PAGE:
Benzodiazepine use among chronic pain patients prescribed opioids : Associations with pain, physical and mental health, and health service utilization

Journal article


Nielsen, Suzanne, Lintzeris, Nicholas, Bruno, Raimondo, Campbell, Gabrielle, Larance, Briony, Hall, Wayne, Hoban, Bianca, Cohen, Milton L. and Degenhardt, Louisa. (2015). Benzodiazepine use among chronic pain patients prescribed opioids : Associations with pain, physical and mental health, and health service utilization. Pain Medicine. 16(2), pp. 356-366. https://doi.org/10.1111/pme.12594
AuthorsNielsen, Suzanne, Lintzeris, Nicholas, Bruno, Raimondo, Campbell, Gabrielle, Larance, Briony, Hall, Wayne, Hoban, Bianca, Cohen, Milton L. and Degenhardt, Louisa
Abstract

Objective
Benzodiazepines (BZDs) are commonly used by chronic pain patients, despite limited evidence of any long-term benefits and concerns regarding adverse events and drug interactions, particularly in older patients. This article aims to: describe patterns of BZDs use; the demographic, physical, and mental health correlates of BZD use; and examine if negative health outcomes are associated with BZD use after controlling for confounders.

Subjects
A national sample of 1,220 chronic noncancer pain (CNCP) patients prescribed long-term opioids.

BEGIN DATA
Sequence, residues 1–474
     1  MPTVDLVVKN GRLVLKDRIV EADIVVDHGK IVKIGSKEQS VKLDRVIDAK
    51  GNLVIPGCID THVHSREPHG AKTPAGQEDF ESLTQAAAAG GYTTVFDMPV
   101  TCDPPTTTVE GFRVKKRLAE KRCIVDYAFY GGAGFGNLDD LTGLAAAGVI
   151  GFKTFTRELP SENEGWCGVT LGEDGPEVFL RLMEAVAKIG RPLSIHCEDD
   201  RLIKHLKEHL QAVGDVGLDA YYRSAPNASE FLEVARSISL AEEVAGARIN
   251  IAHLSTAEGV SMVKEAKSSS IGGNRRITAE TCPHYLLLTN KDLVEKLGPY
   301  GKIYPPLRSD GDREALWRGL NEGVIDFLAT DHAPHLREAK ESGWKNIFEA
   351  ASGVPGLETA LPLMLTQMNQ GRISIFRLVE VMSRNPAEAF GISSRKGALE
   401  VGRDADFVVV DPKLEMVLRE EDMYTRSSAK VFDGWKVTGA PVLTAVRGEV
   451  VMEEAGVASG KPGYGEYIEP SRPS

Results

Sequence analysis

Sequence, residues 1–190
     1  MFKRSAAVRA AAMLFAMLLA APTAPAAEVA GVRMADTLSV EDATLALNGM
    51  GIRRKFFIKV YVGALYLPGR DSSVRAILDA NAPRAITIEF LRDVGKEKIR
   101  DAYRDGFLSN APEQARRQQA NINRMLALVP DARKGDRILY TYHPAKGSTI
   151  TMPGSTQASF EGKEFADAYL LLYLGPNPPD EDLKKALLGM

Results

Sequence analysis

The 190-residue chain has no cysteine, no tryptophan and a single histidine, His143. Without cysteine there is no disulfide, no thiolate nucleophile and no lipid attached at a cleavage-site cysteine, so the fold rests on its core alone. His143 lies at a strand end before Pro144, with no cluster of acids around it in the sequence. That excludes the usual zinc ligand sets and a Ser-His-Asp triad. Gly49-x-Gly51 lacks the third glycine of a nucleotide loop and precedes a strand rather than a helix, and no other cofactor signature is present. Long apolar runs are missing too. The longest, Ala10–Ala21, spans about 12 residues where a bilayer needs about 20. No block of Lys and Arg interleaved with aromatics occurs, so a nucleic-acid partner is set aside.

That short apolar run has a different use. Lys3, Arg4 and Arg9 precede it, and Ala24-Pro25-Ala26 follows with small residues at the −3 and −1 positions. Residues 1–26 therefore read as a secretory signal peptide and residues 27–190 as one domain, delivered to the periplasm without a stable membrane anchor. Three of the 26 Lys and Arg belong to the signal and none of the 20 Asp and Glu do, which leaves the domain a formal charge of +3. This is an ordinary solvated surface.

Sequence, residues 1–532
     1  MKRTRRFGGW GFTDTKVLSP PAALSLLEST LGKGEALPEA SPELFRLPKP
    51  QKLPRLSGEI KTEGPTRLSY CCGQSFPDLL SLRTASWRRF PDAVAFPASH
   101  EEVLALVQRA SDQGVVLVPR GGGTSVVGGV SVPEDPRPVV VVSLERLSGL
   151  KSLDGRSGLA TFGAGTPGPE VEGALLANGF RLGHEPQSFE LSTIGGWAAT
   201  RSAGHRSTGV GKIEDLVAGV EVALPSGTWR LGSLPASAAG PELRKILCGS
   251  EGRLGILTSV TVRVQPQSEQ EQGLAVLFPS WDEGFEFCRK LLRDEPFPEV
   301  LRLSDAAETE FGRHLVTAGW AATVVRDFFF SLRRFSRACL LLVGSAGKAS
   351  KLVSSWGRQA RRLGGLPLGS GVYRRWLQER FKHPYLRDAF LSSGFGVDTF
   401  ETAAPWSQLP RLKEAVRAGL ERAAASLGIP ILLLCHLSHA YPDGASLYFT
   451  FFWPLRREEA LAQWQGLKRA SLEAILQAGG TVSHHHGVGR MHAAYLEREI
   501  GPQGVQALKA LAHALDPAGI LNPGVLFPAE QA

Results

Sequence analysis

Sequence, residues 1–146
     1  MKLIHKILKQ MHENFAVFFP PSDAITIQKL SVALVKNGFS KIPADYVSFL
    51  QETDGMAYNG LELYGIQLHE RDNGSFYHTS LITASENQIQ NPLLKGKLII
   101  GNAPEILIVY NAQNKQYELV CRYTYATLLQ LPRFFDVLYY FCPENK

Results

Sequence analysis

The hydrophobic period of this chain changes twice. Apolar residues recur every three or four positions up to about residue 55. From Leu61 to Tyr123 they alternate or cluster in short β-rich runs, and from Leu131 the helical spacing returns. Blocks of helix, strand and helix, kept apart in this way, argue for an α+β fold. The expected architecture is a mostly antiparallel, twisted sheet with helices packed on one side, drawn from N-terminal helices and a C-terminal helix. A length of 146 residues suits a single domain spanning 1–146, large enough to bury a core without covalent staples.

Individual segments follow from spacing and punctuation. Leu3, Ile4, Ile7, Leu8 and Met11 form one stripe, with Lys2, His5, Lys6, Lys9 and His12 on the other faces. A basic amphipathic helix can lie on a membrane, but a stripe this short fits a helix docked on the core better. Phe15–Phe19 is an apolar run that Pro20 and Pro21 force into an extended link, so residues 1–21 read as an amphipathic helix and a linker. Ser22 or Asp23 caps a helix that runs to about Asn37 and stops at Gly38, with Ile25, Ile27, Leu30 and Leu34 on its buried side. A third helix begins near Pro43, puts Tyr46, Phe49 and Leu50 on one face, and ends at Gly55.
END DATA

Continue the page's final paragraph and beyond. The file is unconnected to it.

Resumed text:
Methods
We report on baseline data from a prospective cohort study comparing four groups based on their current BZD use patterns. General demographics, pain, mental and physical comorbidity, and health service utilization were examined.

Results
One-third (N = 398, 33%) of participants reported BZD use in the past month, and 17% (N = 212) reported daily BZD use. BZD use was associated with: 1) greater pain severity, pain interference with life, and lower feelings of self-efficacy with respect to their pain; 2) being prescribed “higher-risk” (>200 mg oral morphine equivalent) doses of opioids; 3) using antidepressant and/or antipsychotic medications; 4) substance use (including more illicit and injection drug use, alcohol use disorder, and daily nicotine use); and 5) greater mental health comorbidity. After controlling for differences in demographic characteristics, physical and mental health, substance use, and opioid dose, BZD use was independently associated with greater past-month use of emergency health care such as ambulance or accident and emergency services.

Conclusions
CNCP patients using BZDs daily represent a high-risk group with multiple comorbid mental health conditions and higher rates of emergency health care use. The high prevalence of BZD use is inconsistent with guidelines for the management of CNCP or chronic mental health conditions.

Keywordschronic noncancer pain; opioid; benzodiazepines; mental health
Year2015
JournalPain Medicine
Journal citation16 (2), pp. 356-366
PublisherBlackwell Publishing Inc.
ISSN1526-2375
Digital Object Identifier (DOI)https://doi.org/10.1111/pme.12594
Scopus EID2-s2.0-84922614426
Research or scholarlyResearch
Page range356-366
FunderNational Health and Medical Research Council
Publisher's version
License
All rights reserved
File Access Level
Controlled
Output statusPublished
Publication dates
Online12 Feb 2015
Publication process dates
Deposited09 Sep 2021
Grant IDNHMRC/1022522
NHMRC/1013803
NHMRC/1041472
NHMRC/1073858
NHMRC/569738
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